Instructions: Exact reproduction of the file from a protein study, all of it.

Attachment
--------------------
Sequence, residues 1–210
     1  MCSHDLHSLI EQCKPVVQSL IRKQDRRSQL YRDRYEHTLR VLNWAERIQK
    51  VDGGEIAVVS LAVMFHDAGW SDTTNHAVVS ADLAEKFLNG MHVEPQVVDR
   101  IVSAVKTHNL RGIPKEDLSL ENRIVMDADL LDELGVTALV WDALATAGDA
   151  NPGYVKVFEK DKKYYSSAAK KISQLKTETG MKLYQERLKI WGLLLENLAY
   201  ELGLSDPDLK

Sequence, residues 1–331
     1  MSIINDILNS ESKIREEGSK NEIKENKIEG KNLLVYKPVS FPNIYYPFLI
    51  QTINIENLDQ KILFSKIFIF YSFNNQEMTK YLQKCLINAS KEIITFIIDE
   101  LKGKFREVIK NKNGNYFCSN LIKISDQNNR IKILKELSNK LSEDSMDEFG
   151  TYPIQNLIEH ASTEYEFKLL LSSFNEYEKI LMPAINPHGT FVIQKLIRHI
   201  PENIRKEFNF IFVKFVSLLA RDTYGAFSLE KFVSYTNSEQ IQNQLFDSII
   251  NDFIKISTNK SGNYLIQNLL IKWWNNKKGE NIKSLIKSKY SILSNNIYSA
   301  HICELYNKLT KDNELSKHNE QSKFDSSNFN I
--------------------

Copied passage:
Sequence, residues 1–210
     1  MCSHDLHSLI EQCKPVVQSL IRKQDRRSQL YRDRYEHTLR VLNWAERIQK
    51  VDGGEIAVVS LAVMFHDAGW SDTTNHAVVS ADLAEKFLNG MHVEPQVVDR
   101  IVSAVKTHNL RGIPKEDLSL ENRIVMDADL LDELGVTALV WDALATAGDA
   151  NPGYVKVFEK DKKYYSSAAK KISQLKTETG MKLYQERLKI WGLLLENLAY
   201  ELGLSDPDLK

Sequence, residues 1–331
     1  MSIINDILNS ESKIREEGSK NEIKENKIEG KNLLVYKPVS FPNIYYPFLI
    51  QTINIENLDQ KILFSKIFIF YSFNNQEMTK YLQKCLINAS KEIITFIIDE
   101  LKGKFREVIK NKNGNYFCSN LIKISDQNNR IKILKELSNK LSEDSMDEFG
   151  TYPIQNLIEH ASTEYEFKLL LSSFNEYEKI LMPAINPHGT FVIQKLIRHI
   201  PENIRKEFNF IFVKFVSLLA RDTYGAFSLE KFVSYTNSEQ IQNQLFDSII
   251  NDFIKISTNK SGNYLIQNLL IKWWNNKKGE NIKSLIKSKY SILSNNIYSA
   301  HICELYNKLT KDNELSKHNE QSKFDSSNFN I